'Individuals on genotype-appropriate diets lost 5.3 percent of body weight compared to individuals on diets not matched to their genotype, who experienced only 2.3 percent weight loss,' the researchers wrote in a presentation prepared ahead of the conference. 'The weight loss differences were even stronger when considering the individuals who were trying to follow the lowest carbohydrate (Atkins) and the lowest fat (Ornish) diets: 6.8 percent weight loss for those whose genotype matched the diet they were following versus 1.4 percent for those not matched to their genotype.'
Should government fund safe human enhancements for the hereditary contribution to good looks or athletic prowess or IQ? Is there reason to restrict genetic interventions that would create chickens without the nesting instincts that agitate normal chickens confined to life in a battery cage? Or cows with stunted emotions that would feel less fear as they were led off to slaughter? Or pigs with no legs, better suited to a sedentary existence as bacon-to-be? Some philosophers argue that political decisions about such practices, to be legitimate, must be made without reference to reasons that arise from within controversial worldviews. They believe that society is arranged best when governed by principles that leave citizens free to pursue their own views about what gives life value. So the reasons that public officials give to justify state action must not privilege some moral or religious beliefs over others.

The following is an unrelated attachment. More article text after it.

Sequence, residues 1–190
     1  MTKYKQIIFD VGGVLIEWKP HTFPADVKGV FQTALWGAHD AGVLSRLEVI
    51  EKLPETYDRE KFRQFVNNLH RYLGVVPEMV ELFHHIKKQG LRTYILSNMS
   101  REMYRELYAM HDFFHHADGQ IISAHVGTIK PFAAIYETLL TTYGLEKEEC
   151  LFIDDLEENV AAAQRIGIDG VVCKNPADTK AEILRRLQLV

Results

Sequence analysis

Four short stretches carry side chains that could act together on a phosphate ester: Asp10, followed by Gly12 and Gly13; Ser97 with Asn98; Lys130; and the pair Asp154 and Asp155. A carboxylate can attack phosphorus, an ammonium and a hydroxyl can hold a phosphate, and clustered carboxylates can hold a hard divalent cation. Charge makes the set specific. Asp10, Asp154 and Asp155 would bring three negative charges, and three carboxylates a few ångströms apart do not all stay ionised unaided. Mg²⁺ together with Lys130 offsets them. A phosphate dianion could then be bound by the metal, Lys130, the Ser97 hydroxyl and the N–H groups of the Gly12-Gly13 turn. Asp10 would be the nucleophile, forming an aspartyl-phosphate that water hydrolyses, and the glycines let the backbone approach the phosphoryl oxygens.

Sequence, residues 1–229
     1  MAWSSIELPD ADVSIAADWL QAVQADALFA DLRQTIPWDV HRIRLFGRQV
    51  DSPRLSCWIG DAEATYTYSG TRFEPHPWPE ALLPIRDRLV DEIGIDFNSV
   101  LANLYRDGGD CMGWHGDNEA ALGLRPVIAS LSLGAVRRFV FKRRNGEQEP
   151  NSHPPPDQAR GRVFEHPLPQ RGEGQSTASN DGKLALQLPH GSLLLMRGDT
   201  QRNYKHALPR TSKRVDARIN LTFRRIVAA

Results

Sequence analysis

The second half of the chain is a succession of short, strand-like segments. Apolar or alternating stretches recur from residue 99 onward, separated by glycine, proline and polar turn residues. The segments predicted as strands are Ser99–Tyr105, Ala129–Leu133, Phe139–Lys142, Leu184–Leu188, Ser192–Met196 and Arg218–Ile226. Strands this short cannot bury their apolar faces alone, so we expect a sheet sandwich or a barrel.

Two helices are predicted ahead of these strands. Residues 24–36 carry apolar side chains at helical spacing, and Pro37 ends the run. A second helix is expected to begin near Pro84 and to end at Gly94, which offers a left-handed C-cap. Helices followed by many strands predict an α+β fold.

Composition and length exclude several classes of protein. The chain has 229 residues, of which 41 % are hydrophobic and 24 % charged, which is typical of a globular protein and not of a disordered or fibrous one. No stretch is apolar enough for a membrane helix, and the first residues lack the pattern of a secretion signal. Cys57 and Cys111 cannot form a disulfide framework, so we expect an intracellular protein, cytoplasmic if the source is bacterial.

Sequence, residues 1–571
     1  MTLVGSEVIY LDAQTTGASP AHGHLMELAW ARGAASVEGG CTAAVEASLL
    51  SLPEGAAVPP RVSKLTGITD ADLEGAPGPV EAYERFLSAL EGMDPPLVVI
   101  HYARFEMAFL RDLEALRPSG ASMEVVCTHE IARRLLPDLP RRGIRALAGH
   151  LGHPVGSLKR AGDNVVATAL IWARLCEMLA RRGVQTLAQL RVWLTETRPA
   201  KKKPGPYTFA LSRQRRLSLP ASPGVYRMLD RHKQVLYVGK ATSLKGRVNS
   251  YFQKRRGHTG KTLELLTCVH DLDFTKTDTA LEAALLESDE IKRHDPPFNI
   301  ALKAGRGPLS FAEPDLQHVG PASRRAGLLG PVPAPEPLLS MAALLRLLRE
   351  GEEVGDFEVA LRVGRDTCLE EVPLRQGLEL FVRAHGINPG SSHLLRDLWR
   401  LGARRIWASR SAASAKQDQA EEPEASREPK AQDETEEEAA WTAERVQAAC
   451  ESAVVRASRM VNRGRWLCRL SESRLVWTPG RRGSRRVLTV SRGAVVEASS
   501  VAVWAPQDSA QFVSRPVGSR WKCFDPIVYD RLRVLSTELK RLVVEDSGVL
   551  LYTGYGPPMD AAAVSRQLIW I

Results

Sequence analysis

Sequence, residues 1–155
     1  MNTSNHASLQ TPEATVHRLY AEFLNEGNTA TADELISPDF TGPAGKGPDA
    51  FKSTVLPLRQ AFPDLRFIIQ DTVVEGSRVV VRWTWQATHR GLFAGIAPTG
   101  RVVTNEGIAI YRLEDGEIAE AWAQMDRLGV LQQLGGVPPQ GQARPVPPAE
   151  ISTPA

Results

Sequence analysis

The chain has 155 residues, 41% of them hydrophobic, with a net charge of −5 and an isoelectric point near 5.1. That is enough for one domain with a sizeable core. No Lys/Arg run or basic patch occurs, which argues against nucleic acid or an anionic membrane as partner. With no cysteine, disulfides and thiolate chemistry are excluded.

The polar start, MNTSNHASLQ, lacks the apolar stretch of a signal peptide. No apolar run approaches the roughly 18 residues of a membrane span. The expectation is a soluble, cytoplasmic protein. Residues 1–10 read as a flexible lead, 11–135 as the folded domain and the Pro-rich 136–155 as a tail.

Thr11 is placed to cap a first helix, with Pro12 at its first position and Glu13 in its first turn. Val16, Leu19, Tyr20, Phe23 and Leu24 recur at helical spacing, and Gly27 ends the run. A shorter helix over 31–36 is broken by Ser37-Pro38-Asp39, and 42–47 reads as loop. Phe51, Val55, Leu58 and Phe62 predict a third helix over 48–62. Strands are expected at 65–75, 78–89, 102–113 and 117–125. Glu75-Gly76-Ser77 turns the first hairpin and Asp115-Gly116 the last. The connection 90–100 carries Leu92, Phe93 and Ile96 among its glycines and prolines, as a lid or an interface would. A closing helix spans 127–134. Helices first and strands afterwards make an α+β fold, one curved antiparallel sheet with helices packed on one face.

This is a mistake, for two reasons. First, it is conceptually incoherent for the state to stay neutral toward genetic engineering because any strategy that legislators might choose depends for its plausibility on an answer to the underlying normative questions these practices presuppose. Second, the bracketing of formative moral commitments would unduly diminish the character of public deliberation about these questions. What we should do about offspring enhancement depends on why the natural lottery matters to us. And whether we should re-fashion animals to suit our uses for them depends on whether “animal nature” is worth preserving. But these are precisely the sort of controversial moral questions that a neutral state excludes as legitimate grounds for political debate and policy decisions. It might be replied that it is unrealistic to expect citizens in a diverse society to reach agreement on normative issues as contentious as the value of animal nature or the qualities of character worth promoting in a modern democracy.